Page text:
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PHIL-P140 Mill's Utilitarianism Chapter 2 Notes

by: Kathryn Brinser

PHIL-P140 Mill's Utilitarianism Chapter 2 Notes PHIL-P 140

Marketplace > Indiana University > PHIL-P 140 > PHIL P140 Mill s Utilitarianism Chapter 2 Notes
Kathryn Brinser
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About this Document

Covers chapter 2 of Mill's Utilitarianism.
Introduction to Ethics
Daniel Linsenbardt
Class Notes
phil-p140, ethics, Mill, Utilitarianism
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This 2 page Class Notes was uploaded by Kathryn Brinser on Friday September 9, 2016. The Class Notes belongs to PHIL-P 140 at Indiana University taught by Daniel Linsenbardt in Fall 2016. Since its upload, it has received 7 views.


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Date Created: 09/09/16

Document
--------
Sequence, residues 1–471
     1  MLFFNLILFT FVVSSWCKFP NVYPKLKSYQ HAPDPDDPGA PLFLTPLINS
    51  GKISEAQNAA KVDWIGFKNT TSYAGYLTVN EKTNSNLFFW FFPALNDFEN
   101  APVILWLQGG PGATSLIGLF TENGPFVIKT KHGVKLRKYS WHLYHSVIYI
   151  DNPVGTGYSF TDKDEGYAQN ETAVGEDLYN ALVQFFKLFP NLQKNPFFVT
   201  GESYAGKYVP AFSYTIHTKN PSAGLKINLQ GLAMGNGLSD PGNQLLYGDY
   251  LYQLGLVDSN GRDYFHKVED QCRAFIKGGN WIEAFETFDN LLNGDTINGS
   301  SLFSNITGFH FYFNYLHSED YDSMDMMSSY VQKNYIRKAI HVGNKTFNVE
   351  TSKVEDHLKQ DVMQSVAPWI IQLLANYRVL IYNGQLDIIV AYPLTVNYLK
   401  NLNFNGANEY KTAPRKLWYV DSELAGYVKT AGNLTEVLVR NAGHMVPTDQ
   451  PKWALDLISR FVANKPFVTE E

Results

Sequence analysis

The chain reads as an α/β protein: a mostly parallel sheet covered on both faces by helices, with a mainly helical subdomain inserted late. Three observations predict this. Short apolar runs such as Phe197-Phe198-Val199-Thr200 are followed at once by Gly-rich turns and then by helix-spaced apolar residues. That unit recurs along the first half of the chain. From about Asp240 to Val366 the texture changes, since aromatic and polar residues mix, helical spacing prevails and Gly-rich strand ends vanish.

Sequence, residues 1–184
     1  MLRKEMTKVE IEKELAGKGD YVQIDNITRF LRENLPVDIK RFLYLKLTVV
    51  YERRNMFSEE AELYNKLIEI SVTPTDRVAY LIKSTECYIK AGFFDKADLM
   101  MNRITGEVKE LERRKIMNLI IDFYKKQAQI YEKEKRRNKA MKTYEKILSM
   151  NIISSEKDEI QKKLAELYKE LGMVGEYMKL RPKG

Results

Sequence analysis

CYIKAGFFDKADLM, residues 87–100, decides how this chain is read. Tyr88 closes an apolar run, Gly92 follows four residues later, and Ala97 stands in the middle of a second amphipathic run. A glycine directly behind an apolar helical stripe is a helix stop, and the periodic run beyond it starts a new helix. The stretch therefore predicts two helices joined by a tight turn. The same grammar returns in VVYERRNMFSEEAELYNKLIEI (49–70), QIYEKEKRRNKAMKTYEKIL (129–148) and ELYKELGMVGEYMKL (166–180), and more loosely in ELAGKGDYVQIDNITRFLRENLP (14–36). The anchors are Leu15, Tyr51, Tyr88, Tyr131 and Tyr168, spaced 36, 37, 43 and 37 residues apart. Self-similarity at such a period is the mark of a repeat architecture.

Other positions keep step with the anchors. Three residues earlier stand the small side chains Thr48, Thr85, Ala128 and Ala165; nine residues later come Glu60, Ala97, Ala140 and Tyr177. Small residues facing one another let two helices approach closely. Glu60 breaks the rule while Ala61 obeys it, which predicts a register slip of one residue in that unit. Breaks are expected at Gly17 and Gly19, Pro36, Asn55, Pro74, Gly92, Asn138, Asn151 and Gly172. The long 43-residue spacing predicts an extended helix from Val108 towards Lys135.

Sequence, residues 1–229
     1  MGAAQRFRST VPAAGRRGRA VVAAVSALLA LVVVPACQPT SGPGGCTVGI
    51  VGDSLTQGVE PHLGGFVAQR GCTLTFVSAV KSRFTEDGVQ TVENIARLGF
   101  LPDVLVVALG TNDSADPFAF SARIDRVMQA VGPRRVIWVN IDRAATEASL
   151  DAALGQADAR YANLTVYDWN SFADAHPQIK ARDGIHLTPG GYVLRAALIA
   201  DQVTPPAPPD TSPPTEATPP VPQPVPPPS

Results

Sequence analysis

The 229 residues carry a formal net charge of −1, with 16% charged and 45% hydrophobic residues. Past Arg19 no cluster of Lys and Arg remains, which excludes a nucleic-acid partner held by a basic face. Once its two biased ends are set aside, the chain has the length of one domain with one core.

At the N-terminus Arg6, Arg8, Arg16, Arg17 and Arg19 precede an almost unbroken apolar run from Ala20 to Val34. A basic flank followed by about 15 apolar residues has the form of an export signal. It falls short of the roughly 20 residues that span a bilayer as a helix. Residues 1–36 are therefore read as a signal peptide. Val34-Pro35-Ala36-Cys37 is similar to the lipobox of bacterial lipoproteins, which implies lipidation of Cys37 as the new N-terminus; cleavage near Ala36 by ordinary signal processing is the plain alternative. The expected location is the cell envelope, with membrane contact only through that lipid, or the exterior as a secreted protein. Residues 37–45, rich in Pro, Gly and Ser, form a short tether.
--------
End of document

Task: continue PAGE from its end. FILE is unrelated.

P140 John Stuart Mill’s Utilitarianism Chapter 2 Notes- What Utilitarianism Is 8-28-16  Objects to utility (usefulness) and pleasure being mutually exclusive/contradictory o Also rejects idea that utilitarians revolve everything around pleasure o Utility = pleasure and lack of pain  Utilitarianism (greatest happiness principle)- actions are right if they lead to maximum amount of pleasure and least pain (most happiness) for everyone, wrong if opposite o Anything desirable either brings pleasure itself or facilitates achieving pleasure and lack of pain  Hedonism- pleasure and pain dictate basis for right and wrong; strict utilitarianism o Misconception created by simplicity of theory leads to objections saying “life has…no higher end than pleasure…” and people only find valuable what animals do o Mill: objects, saying accusers instead liken people to simple beasts  If pleasure for humans and animals were identical, way of life for one would suffice for other  Seen as degrading because animals’ pleasures do not satisfy human desires; can experience higher pleasures  Almost every variation gives almost equal value to pleasures regarding physical sensation, intellect, emotions/imagination, morality o Mental pleasures usually superior due to resulting advantages in life over bodily o Some kinds more desirable/valuable than others o Quantity and quality matter  Given 2 pleasures, one more desirable if most people have preference of one over other after experiencing both and being unhindered by emotions/moral duties o Superior quality if preferred pleasure overrides any unhappiness produced as result of it and people would not trade for the other one, even given discontent o Must make decision without outside moral obligation, because with it, they would assume what they are trying to explain (utilitarianism, which is a moral obligation) o Assumes person choosing would pick what Mill considers higher pleasure over lower  People that do opposite either short-sighted or incompetent judges of pleasures  Ex. Person with college education will not choose to become ignorant  People that pick higher over lower often experience more displeasure in life  Matter of maintaining dignity o Misconception that happiness = contentment  Higher pleasures bring more discontent, but give better quality pleasure that makes discontent worth enduring  Better to have higher quality pleasures and be dissatisfied than to only have lower ones and be satisfied o Noble character produced by life of higher pleasure may dissatisfy individual having experiences, but benefits society as whole  Not all who oppose utilitarianism necessarily represent its ideals badly o Some say it has too high of expectations of people to act in contribution to society’s wellbeing o Mill: incorrect interpretation of moral rules, adding in issue of motive to rule of action  Ethics gives us obligations and limits; no ethical system requires that benevolence/duty to society must be motives behind doing morally right things  Motive has no relation to morality of actions, but does define worth of person acting  Motive- explanation for doing something; feeling that causes a plan of action  Intention- objective/goal of doing something  Utilitarian standard for goodness of an act is its resulting happiness for all people, not just person acting o We must be generous enough to not value our own happiness over that of other people o Does not mean motives should be to give everyone happiness- not concerned with motives of actions, only results/consequences o Most actions don't affect many people- must only consider effects on those involved o Only public figures must always consider collective good  “Misunderstandings” of Utilitarianism (Objections) o Accused of being secular ideology- basis is human happiness, not God’s will  Mill: depends on how we see will of God  Believes God wants happiness for all creatures, His truths fit utilitarianism  Need ethical system to figure out will of God in first place o Often mixed up with Expediency (convenience/practicality despite possible impropriety), considered immoral theory  “Expedient” refers to self-interest, immediate goals; Mill would consider harmful  Damaging society not expedient; acting against social interest morally wrong o Happiness unachievable, people can live without it  Mill: exaggeration; when happiness defined correctly, definitely attainable  Unhappy people tend to be selfish/uneducated  Most bad things can be eliminated through society being wise and committed to eliminating poverty/sickness o Virtuous people reject happiness  Mill: admits there have been such people (ie. martyrs), but says it was for a greater end- bringing happiness to others  Some make sacrifices so others won't have to, saving them from pain and therefore providing them happiness  Keeping an attitude of willingness to make sacrifice leads to greatest virtue and best chance of achieving happiness o Person is content with his/her life and choices  Does not mean sacrifice itself is good for any reason- only if it brings happiness o Cold/emotionless doctrine  Does not focus on moral character of individual at all  Mill: rightness/wrongness of actions should not be determined by kind of person doing them  All ethical standards judge actions without judging agent  Many use utilitarianism as exclusive system; do not appreciate other good things about people- valid criticism  Mistake to only have moral feelings and exclude artistic appreciation/empathy o Not usually enough time to consider general consequences of actions  Mill: uses counterexample that Christians cannot read Bible every time they act, but still use it as a standard  People have had all human history to learn good/bad consequences  People usually agree about utility of actions, easy to teach children  We don’t know everything about consequences, but do not need to manually analyze every action  Rational people have basic ideas of right/wrong o Too nice; underestimates how many immoral decisions people tend to make  Utilitarian will give himself exceptions to rules of doctrine; tempted to justify by saying a certain action increases happiness  Mill: not only utilitarians- all ethical systems have exceptions  Not practical to not have special cases where rules broken  Having a doctrine with exceptions better than nothing Works Cited 1Mill, John Stuart. “What Utilitarianism Is.” Utilitarianism and the 1868 Speech on Capital Punishment. Second Ed. Hackett Publishing Company, 2001. 7.